The computational turn in the social sciences and humanities
- debbie ding
Today marks my first month anniversary of me starting my PhD! So… a little recap of what I’ve been up to since then.
Coursework: I’ve been enjoying the main ADM coursework which involves reading heaps of classic crit theory texts such as Habermas, Cooley, Dewey, Lippman, Arendt, Mills, Carey… the list goes on. These “classic” texts generally attempt to address the really big fundamental questions like WHAT IS CULTURE? WHAT IS “HUMAN”? WHAT IS EXPERIENCE?? HOW DOES WE COMMUNICATION??? These texts often formulate a common vocabulary with which we can speak of art. I can see the utility in revisiting a lot of these “classics” since it might be handy to have these “textbook” definitions to draw upon (or dispute) at the start of any art/humanities/social science thesis.
The cognitive psych elective I’m taking is also giving me some interesting perspectives on the biological basis behind human vision and perception. It is fascinating to find out which features of perception (eg motion perception) have more ancient evolutionary basis, and which are a result of culture and society. The studies aren’t even limited to human/primate brains; now I’ve ended up reading perception studies of sheep, horses, baby chicks, ciclid fishes, box turtles… wait, what was my PhD about again?
Even a simple (evolutionarily speaking) creature like the paper wasp is able to perceive the faces of other paper wasps! But if that specific paper wasp species has developed particularly complex wasp society interactions (eg: individual queens having to work together to form more complex blended wasp society) then the wasps continue to evolve even better resolution in vision of parts of their eye facet (Source).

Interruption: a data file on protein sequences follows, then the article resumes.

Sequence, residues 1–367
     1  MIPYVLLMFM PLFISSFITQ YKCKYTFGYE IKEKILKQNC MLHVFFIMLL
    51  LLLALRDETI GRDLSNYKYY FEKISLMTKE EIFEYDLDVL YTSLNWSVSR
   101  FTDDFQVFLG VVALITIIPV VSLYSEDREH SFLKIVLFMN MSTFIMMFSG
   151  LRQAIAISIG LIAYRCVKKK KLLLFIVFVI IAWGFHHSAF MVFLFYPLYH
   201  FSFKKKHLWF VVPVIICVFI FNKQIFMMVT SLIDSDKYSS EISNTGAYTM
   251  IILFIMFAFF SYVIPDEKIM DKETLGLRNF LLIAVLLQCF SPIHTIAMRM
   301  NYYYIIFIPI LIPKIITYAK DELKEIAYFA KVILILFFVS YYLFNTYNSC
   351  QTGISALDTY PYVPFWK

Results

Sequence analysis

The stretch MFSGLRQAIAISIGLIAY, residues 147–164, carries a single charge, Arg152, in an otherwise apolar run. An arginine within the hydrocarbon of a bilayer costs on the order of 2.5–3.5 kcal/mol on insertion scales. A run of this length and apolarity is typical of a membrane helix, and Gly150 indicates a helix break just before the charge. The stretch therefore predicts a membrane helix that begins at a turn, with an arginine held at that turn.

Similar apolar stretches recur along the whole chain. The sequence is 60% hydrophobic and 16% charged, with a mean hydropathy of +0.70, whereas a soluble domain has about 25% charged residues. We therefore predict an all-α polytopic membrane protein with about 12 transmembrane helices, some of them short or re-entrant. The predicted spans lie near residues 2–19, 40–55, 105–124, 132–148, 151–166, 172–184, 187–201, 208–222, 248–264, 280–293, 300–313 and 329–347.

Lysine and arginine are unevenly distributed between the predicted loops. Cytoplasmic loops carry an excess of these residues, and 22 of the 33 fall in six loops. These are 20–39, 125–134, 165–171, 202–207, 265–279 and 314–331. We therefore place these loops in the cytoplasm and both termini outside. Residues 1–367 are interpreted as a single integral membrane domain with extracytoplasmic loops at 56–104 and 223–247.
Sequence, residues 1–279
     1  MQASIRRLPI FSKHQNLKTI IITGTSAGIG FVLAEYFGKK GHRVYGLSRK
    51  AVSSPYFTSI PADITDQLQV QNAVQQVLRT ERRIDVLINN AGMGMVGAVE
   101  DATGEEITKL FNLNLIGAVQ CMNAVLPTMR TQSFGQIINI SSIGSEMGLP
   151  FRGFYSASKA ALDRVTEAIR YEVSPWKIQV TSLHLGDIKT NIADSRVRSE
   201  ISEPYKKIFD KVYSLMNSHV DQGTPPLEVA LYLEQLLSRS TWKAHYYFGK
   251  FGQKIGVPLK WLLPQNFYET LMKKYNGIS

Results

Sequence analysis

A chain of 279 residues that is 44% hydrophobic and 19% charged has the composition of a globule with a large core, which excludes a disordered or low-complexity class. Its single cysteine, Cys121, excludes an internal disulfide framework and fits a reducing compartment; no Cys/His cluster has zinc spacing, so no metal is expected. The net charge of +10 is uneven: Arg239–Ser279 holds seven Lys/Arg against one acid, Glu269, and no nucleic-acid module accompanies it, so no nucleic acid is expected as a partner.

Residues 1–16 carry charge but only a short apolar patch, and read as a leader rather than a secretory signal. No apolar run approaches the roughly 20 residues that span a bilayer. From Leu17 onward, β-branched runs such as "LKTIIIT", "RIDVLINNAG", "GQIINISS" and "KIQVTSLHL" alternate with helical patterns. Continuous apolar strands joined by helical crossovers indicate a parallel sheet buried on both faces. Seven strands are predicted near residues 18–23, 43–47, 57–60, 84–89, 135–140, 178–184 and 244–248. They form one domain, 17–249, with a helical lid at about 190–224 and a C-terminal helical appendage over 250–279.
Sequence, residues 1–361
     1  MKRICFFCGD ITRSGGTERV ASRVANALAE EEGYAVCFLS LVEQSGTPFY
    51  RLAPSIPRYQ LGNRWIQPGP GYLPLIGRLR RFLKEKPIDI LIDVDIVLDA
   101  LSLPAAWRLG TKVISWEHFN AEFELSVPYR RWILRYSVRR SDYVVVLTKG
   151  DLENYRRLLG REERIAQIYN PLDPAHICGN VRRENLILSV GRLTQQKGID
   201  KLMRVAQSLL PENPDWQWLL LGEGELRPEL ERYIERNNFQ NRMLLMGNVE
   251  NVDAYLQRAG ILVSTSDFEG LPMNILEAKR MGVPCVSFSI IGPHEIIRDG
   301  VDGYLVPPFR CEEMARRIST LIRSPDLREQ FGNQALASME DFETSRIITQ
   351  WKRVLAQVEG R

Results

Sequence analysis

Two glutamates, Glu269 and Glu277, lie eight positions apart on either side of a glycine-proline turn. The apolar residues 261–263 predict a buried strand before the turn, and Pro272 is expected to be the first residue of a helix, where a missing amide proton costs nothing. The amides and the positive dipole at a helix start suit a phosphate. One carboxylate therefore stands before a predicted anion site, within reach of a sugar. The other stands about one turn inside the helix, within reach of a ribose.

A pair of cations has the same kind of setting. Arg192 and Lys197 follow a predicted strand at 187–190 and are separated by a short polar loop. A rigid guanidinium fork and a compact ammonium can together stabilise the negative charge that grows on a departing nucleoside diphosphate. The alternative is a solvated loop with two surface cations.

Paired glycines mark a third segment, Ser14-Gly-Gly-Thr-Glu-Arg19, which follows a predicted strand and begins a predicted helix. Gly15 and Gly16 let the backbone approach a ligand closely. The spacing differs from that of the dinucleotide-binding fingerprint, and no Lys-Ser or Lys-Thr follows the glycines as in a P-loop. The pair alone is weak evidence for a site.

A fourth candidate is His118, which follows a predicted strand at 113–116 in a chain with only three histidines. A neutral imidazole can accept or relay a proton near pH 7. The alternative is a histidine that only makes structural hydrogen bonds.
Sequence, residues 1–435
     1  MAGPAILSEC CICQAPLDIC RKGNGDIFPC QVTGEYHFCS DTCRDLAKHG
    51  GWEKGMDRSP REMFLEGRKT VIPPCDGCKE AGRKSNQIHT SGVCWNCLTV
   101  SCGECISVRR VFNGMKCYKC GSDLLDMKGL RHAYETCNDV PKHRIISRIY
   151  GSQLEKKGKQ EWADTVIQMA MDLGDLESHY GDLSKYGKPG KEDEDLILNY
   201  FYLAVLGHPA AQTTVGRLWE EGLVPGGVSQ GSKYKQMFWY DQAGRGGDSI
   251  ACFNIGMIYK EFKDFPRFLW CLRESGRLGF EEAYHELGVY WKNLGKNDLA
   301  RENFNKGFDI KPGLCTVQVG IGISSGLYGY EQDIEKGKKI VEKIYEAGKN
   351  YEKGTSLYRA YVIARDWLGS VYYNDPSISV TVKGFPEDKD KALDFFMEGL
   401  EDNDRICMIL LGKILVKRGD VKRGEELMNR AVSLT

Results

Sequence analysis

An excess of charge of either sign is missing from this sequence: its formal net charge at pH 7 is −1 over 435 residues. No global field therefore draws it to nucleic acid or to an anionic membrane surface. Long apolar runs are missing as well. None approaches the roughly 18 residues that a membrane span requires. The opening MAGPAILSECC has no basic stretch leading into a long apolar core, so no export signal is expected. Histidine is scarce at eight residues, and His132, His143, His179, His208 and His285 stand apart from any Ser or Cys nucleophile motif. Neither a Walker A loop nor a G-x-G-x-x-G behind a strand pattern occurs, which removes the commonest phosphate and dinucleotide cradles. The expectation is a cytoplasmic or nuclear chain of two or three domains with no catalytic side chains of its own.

Of course, trying to read these neuroscience/cognitive psych papers are quite a workout since they often involve studying the biological aspects of vision and the senses for which I actually have no foundational understanding of. A lot of these papers are grasping at ways to compute our understanding of the world. I suppose this is what some would describe as the “computional turn” in the social sciences.
What I am understanding from all the cognitive psych readings I am doing is that some years ago, we humans simply attempted to map the neurons of the brain such as by using probes into primate brains or fMRI imaging, but as it turns out, the the brain is too huge and complex for us to understand so this is taking forever.
So now the methods have evolved. Rather than to draw a map of the neurons of the brain which is so impossible, they’re doing multivoxel analysis of fMRIs of brains which then allow us to determine the functional bias of different areas of the brain. It is important to note that this is not quite the same as being able to actually pinpoint or directly draw a map of what all the different parts of the brain do (which as we’ve found out, is impossible), but simply to say “more of this region is firing when this function is being completed!”. On top of this, researchers are applying Convolutional Neural Networks (CNNs) and other AI/Machine learning techniques to find the patterns in the huge amounts of multivoxel fMRI brain scan data.
Since what I do borders on the digital humanities and social sciences, what’s my take on this profileration of computational methods being used in research? There’s a good quote here from Berry: